Miners in all regions of Poland where raw materials are being extracted celebrate St. Barbara’s Day (“Barbórka”) which traditionally is a Day of Miners in Poland.
Not only coal miners celebrate Barbórka. This day is marked by people extracting all kinds of materials, such as copper ore, zinc ore, lead, as well as salt, oil, natural gas and even thermal and therapeutic waters.
In the Christian tradition, the Church remembers Saint Barbara who lived the third and fourth century after Christ, and is a patron of miners, but also artillerists, military engineers and others who work with explosives.
In Poland, large beer feasts are organised, at which miners receive distinctions, younger and older generations meet and the miners’ bands play traditional songs.
“Barbórka” is also an opportunity to commemorate those who died during their work in the mines. This year, a total of 22 people died during their work, compared to 21 in 2018. As many as 1,920 different accidents occurred in Polish mines including 1,570 in hard coal mines.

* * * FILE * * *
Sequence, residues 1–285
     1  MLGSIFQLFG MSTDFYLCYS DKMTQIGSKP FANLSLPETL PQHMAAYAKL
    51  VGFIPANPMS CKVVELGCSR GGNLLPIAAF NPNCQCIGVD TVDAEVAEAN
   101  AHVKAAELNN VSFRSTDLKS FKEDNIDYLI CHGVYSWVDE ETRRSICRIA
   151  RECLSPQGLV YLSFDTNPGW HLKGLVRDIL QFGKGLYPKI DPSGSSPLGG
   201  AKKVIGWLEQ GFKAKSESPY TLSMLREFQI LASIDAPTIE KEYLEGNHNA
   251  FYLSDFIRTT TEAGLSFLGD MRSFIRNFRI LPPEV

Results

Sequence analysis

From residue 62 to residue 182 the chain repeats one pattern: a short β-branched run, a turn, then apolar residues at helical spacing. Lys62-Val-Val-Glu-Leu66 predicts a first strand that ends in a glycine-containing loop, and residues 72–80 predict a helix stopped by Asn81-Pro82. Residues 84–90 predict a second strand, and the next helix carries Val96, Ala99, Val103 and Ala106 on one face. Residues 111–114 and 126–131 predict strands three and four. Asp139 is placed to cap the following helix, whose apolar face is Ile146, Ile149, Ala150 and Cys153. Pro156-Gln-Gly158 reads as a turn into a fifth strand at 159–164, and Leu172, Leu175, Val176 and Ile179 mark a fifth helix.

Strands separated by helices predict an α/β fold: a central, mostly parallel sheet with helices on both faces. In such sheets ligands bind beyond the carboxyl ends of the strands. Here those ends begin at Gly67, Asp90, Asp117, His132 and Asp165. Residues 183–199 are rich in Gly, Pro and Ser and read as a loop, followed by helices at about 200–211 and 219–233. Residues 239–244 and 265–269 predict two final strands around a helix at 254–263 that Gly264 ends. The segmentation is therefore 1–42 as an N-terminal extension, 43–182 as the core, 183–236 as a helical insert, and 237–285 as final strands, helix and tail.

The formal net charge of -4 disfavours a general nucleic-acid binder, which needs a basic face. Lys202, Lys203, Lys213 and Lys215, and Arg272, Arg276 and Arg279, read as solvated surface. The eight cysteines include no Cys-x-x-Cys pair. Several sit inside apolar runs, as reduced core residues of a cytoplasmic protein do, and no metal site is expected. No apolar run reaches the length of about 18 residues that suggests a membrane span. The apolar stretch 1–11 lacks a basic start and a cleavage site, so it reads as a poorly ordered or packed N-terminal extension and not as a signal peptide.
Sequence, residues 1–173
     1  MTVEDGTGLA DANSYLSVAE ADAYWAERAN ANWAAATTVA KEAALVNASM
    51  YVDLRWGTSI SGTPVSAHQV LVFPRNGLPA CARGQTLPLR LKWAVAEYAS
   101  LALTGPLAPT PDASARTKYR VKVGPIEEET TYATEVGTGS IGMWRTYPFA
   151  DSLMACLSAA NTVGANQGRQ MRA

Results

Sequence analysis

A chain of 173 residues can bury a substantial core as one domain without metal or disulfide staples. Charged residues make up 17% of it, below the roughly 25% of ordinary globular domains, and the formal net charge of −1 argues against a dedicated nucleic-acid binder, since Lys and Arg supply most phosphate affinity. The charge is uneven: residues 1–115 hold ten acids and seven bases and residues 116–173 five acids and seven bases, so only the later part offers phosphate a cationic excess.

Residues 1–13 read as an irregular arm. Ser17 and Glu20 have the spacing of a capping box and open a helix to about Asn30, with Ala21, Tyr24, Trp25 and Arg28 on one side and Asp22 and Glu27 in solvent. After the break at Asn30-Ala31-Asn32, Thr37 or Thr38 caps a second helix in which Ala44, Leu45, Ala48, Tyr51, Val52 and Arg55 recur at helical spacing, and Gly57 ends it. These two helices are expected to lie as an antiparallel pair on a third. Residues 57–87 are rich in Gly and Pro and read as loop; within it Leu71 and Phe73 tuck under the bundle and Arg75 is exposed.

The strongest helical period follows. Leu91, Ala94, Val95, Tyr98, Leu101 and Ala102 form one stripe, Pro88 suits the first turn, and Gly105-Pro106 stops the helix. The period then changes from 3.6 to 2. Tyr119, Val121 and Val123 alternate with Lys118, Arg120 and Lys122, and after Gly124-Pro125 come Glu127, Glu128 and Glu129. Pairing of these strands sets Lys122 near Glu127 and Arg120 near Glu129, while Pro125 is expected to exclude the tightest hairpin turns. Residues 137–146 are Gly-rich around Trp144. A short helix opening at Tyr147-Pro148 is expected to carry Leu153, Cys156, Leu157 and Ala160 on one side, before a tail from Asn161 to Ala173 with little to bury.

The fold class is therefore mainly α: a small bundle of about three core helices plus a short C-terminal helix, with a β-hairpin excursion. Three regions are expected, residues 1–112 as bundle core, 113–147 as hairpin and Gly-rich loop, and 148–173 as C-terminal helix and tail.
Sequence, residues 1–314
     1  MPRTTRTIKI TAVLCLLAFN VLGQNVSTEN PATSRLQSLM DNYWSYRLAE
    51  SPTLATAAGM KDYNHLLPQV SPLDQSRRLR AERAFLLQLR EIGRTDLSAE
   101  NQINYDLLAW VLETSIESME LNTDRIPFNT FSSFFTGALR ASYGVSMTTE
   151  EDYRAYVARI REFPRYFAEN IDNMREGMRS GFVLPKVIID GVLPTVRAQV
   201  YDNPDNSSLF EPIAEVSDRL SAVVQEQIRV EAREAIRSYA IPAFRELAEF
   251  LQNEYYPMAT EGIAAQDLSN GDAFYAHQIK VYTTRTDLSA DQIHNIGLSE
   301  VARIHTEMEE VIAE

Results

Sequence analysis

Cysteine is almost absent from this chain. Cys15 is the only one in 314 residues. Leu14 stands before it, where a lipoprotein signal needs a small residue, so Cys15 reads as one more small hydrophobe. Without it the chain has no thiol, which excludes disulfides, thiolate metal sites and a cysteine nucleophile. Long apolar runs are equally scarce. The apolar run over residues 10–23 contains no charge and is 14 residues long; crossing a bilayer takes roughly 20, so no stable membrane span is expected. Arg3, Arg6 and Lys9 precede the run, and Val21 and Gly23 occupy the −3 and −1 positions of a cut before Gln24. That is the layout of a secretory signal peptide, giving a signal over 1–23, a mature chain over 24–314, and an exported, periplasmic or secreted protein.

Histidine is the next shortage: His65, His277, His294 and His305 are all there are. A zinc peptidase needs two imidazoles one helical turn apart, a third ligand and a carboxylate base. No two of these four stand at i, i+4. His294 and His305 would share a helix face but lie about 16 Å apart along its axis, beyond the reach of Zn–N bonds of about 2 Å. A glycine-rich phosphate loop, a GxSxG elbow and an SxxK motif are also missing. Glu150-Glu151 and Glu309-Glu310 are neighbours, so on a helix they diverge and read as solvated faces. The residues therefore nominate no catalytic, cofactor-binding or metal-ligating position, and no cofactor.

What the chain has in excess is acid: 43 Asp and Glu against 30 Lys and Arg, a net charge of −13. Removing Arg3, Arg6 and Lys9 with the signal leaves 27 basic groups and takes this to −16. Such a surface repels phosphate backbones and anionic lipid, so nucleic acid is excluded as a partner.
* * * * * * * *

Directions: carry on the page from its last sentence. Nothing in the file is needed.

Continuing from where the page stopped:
“You extract the deepest Polish potential, with hard work you build the Polish economy and you show bravery and attachment to tradition,” Polish PM Mateusz Morawiecki said in a video published on social media.
“On the day of their holiday, I wish all the miners happiness and care of Saint Barbara,” Elżbieta Witek, the Speaker of the lower house of the Polish parliament tweeted.
The coal mining companies spent large amounts of money on investments this year - amounting to PLN 4.2 bn (EUR 0.98 bn). On the other hand, companies’ profits decreased. It is likely that this sector will have to face a slowdown.
There are around 7,500 mining facilities in Poland, including those extracting common materials such as sand, aggregate and gravel. This sector of the economy directly hires more than 180,000 people. Around 83,000 of them work in hard coal mines.